3. First Attack: Theory
4. The PS/2 Signal
6. Data Analysis
8. Attack Scenario and Workarounds
9. Second Attack: Theory
11. Data Analysis
13. Attack Scenario and Workarounds
--[ 0. DISCLAIMER
All the equipment and/or circuits and/or schematics provided in the
presentation must be treated as examples, use the presented information at your
own risk, remember safety first.
--[ 1. Introduction
The exploitation of Electromagnetic Emanations andsimilar Side Channels has
always been one of the most interesting and "exotic" areas of attack in the
In the late 60's and early 70's the term TEMPEST was coined to title an NSA
operation which aimed to secure electronic equipment from leakage of
compromising emanations. Well known TEMPEST research describes remote
eavesdropping of CRT displays and most recently LCD displays,as well as
optical emanations from appliances LED indicators.
Our research details two attacks, one against wired PS/2 keyboards, the other
against laptop keyboards using respectively power line leakage and optical
sampling of mechanical energy.
We describe how using relatively cheap homemade hardware we can implement basic
but powerful techniques for remotely eavesdropping keystrokes.--[ 2. Motivation
The two presented attacks partially builds upon existing concepts and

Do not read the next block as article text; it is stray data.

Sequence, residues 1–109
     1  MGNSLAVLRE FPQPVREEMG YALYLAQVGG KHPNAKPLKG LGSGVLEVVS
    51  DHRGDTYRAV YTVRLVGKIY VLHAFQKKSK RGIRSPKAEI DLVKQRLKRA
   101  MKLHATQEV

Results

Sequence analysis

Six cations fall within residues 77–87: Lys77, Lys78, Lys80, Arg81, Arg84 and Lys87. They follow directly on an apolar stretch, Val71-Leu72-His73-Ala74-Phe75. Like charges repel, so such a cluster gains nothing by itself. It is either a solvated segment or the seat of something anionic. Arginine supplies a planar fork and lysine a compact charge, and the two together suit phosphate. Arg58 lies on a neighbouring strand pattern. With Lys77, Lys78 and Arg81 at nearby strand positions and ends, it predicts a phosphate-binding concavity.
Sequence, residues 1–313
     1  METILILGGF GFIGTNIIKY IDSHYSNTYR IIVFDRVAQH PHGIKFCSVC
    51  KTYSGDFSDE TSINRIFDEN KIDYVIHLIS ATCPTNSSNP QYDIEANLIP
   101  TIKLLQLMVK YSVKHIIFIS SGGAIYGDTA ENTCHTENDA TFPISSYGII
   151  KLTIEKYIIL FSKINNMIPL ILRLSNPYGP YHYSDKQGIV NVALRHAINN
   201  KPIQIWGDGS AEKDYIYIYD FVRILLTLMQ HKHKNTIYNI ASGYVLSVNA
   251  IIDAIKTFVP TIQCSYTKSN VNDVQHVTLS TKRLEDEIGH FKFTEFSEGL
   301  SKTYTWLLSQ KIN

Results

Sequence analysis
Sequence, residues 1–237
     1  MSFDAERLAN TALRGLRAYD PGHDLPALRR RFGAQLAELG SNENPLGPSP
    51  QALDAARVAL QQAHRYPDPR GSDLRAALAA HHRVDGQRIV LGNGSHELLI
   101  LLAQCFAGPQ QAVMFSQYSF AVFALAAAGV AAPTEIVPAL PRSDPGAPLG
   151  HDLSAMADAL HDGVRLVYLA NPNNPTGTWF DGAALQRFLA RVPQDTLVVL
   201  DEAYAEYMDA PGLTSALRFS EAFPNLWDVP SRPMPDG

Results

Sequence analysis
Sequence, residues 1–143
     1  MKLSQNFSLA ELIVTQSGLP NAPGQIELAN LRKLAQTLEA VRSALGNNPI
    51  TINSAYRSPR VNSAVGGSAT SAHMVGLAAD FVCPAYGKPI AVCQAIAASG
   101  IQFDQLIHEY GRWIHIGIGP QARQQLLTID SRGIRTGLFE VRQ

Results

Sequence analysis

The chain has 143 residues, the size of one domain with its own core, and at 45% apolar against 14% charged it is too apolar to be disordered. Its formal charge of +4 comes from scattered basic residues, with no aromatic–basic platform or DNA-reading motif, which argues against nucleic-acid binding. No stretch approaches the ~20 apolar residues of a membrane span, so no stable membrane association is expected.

techniques, but while some of the ideas might have been publicly hinted, no
clear analysis and demonstration has ever been presented as far as we know.
Our goal is to show that information leaks in the most unexpected ways and can
be indeed retrieved. If our small research was able to accomplishacceptable
results in a brief development time (approximately a week of work) and with
cheap hardware, consider what a dedicated team or government agency can
accomplish with more expensive equipment and effort.
We think it is important to raise the awareness about these unconventional
attacks and we hope to see more work on this topic in the future.
Last but not least.....hardwarehacking is cool and everyone loves laser beams
(this will make sense).
--[ 3. First Attack - Theory
The PS/2 cable of wired keyboards and mice carries the following wires:
- Pin 1: Data / 6||5 \
- Pin 3: Ground | 4 || 3 |
- Pin 4: +5 V DC \ 2 1 /
- Pin 5: Clock ----
- Pin 2/6:Unused
As the wires are very close and not shielded against each other it is theorized
that a fortuitous leakage of information goes from the data wire to the ground
wire and/or cable shielding due to electromagnetic coupling.
The ground wire as well as the cable shielding are routed to the main power
adapter/cable ground which is then connected to the power socket and finally
This eventually leads to keystrokes leakage to the electric grid which can then
be detected on the power plug itself, including nearby ones sharing the same
There might be other factors responsible in minor part for the signal
interference like power fluctuations of the keyboard microcontroller, they are
difficult to pinpoint but if present they can only augment theinformation
The clock frequency of the PS/2 signal is lower than any other component or
signal emanated from the PC (everything else is typically above the MHz), this
allows noise filtering and keystrokes signal extraction.
There has been some documentation suggesting the possibility of this attack in
literature, though no extensive research is available. Recently a separate...
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